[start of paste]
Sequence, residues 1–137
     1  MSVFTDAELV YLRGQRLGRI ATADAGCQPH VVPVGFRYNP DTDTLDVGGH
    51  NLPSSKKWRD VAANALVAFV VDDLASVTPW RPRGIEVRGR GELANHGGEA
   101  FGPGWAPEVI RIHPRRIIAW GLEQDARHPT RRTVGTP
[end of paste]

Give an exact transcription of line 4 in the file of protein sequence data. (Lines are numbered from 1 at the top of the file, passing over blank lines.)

   101  FGPGWAPEVI RIHPRRIIAW GLEQDARHPT RRTVGTP